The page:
Saturday’s General Election looms large on the horizon, and for once the polls point to the possibility of historic change. For many though it is understandably difficult to work out what any of it actually means. There are a confusing array of parties running many of whom sound awfully similar to one another, as well as a shall we say ‘colourful’ collection of independents. In addition to this, and despite being a political scientist’s wet dream, for the average punter it can be difficult to understand how our PR-STV voting system actually translates into seats in the Dáil. To that end, it is useful to consider what the results could actually be, and what they would mean.
Barring any unprecedented last minute movements, there are three kinds of possible outcomes based on the way the polls are looking at the moment.
The Sinn Fein and left surge turns out to have been overestimated by polls, and the more reliable turnout of the traditional parties ensure the two traditional parties of government remain larger than anybody else. Fianna Fail likely replace Fine Gael as the largest party, but otherwise it’s as you were. Broadsheet columnists will publish article after article about how wonderfully sensible and moderate the Irish electorate are, but meanwhile the social fabric of the country will continue to be pulled apart and the planet will burn. The only way to stop this is to ensure young people turn out.
Sinn Fein, Fianna Fail and Fine Gael all get a roughly equivalent vote share. This is the option the current polls suggest, but what happens after is very much up in the air. It’s possible that this forces Fianna Fail and Fine Gael into a formal coalition, possibly with the support of one of the smaller centre-left parties and/or independents. However in this scenario it’s very possible the only way for a stable government to be formed will be for Sinn Fein to go into coalition as the junior partner of Fianna Fail. This will no doubt be tempting, but would also immediately burn bridges with a large portion of their supporters who have voted for them for the first time. Any sense of insurgency would be immediately extinguished as Irish politics collapses back into its old patterns with Sinn Fein likely being wiped out at the next election. Should they resist, however, they will be ideally placed as the leading opposition party to win next time around and a real left-right divide will finally have emerged in Irish politics. In either case, this almost certainly means the end for Leo Varadkar.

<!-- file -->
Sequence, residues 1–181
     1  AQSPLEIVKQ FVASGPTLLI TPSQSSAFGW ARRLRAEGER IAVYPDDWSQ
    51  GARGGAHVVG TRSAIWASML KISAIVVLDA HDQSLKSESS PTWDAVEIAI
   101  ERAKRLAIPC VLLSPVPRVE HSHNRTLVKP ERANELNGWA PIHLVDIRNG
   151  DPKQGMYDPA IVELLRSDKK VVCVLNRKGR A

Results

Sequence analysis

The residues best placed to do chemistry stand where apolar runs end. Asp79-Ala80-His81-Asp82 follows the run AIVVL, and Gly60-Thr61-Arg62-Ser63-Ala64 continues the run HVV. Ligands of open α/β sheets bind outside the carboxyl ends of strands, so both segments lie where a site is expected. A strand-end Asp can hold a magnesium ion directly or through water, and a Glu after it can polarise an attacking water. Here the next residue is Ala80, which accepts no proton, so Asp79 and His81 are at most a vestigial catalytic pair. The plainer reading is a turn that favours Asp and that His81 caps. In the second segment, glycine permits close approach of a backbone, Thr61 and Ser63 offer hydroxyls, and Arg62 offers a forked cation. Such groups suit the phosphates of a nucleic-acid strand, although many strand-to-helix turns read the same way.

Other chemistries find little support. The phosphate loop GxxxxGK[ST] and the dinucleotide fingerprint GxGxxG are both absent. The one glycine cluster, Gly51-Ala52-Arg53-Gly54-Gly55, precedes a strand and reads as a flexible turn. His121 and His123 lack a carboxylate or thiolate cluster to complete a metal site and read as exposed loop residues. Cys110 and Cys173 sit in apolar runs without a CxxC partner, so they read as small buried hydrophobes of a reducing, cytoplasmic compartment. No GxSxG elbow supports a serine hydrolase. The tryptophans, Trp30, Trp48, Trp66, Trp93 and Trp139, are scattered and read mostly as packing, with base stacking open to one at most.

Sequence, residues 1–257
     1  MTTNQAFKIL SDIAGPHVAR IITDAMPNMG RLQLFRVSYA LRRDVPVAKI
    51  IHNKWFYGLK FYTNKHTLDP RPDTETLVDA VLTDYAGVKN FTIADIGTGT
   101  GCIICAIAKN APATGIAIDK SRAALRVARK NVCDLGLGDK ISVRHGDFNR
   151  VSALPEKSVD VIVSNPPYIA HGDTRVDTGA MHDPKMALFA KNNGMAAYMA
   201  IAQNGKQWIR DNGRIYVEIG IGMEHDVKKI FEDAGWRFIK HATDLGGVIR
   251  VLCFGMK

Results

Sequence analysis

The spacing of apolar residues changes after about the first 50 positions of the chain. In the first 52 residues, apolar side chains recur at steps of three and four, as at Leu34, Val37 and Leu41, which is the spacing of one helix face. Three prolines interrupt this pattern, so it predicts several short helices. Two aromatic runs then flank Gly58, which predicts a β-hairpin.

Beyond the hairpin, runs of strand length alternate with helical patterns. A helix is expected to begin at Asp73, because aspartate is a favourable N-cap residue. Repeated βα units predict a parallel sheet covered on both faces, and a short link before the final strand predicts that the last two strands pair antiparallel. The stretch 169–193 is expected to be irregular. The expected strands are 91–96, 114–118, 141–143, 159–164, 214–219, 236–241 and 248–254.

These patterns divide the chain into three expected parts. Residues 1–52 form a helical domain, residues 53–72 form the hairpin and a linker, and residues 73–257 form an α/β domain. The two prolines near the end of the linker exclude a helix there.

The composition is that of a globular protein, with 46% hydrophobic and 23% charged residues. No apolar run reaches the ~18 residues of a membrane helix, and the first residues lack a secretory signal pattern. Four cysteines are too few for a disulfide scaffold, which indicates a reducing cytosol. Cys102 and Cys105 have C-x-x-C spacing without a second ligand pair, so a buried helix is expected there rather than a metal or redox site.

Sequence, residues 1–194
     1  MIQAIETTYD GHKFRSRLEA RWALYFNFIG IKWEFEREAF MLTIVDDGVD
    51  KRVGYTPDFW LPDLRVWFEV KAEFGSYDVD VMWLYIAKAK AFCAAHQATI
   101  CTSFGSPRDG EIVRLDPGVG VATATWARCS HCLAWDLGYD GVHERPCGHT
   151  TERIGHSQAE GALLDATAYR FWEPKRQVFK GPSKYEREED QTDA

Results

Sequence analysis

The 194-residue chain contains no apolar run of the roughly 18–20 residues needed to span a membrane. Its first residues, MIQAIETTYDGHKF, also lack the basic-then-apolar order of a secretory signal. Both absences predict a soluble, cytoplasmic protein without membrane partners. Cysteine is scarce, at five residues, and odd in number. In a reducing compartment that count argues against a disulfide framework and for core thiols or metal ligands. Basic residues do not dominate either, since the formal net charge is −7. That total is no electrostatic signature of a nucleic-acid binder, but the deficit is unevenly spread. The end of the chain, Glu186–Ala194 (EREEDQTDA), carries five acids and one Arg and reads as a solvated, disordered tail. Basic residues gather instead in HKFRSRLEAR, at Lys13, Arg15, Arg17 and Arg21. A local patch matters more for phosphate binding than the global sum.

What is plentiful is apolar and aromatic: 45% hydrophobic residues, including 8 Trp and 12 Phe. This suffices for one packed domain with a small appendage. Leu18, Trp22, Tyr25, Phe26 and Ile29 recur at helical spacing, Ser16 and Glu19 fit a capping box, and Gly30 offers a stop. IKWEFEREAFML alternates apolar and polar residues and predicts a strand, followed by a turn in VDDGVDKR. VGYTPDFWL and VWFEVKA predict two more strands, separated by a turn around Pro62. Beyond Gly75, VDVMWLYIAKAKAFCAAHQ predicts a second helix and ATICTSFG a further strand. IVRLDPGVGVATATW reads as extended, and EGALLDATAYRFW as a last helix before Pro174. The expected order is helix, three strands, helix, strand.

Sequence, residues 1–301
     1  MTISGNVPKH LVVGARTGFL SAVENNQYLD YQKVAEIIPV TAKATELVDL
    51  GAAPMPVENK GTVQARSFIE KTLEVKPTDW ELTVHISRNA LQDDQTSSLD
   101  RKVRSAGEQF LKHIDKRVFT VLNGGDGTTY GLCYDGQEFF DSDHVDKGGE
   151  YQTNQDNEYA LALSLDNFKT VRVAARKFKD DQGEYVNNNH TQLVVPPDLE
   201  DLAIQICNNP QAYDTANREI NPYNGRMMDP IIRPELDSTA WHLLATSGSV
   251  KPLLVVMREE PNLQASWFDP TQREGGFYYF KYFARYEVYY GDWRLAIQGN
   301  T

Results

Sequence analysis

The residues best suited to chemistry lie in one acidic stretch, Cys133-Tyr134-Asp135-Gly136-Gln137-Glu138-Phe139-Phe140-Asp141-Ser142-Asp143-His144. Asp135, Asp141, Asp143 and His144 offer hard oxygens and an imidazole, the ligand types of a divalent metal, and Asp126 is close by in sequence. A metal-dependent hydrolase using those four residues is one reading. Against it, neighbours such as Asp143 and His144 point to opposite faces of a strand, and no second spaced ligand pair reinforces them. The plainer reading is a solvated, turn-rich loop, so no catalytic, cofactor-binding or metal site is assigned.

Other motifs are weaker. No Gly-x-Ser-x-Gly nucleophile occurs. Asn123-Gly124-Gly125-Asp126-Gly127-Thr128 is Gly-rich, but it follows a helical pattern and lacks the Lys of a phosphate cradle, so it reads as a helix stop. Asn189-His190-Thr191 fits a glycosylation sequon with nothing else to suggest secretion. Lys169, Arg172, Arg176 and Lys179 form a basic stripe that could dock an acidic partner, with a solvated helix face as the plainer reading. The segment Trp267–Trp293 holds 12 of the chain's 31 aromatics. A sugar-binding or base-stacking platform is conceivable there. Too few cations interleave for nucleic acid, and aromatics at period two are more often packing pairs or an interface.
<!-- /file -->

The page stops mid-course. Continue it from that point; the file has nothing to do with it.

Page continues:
The streets run red with wine and the blood of predatory landlords, basically. Sinn Fein and the rest of the left have a phenomenal day and as a result collectively manage to creep over the 80 seat threshold required to form a majority government. This would be absolutely unprecedented and even thinking about it feels like a fever dream, but it is a genuinely possible outcome, if only just about. Such a government would face instability and huge opposition from the start, but even if it collapsed the very fact of its happening would alone be momentous and would signal new possibilities for Irish politics.
What makes this election especially difficult to call is the fact that Sinn Fein lead in the most recent poll, but are only running half the candidates that Fianna Fail and Fine Gael are so it is still likely they will finish behind them in terms of total numbers of seats. What that should mean, however, is that we will see a lot of Sinn Fein candidates elected on the first count with very large surpluses to be redistributed to other parties. This may mean that other left parties will see a lot of transfers that aren’t being captured by opinion polls that only ask about first preferences and could well end up pushing us closer toward the third possible outcome here. The upshot of this is that anybody looking for progressive change needs to vote left the full way down the ballot. In any case, the potential is there for this to be an election like no other in Ireland’s history.
Artwork: James McGuirk